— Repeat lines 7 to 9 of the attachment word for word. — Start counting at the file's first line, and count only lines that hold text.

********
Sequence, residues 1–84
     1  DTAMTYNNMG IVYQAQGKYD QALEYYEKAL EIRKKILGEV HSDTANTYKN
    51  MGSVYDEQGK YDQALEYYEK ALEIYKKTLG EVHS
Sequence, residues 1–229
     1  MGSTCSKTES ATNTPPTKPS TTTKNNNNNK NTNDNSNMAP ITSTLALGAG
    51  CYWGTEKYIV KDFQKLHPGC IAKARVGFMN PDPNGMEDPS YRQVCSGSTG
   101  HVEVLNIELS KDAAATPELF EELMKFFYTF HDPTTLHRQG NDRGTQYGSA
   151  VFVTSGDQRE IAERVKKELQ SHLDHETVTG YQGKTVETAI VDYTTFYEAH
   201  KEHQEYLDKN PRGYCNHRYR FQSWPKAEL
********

   101  HVEVLNIELS KDAAATPELF EELMKFFYTF HDPTTLHRQG NDRGTQYGSA
   151  VFVTSGDQRE IAERVKKELQ SHLDHETVTG YQGKTVETAI VDYTTFYEAH
   201  KEHQEYLDKN PRGYCNHRYR FQSWPKAEL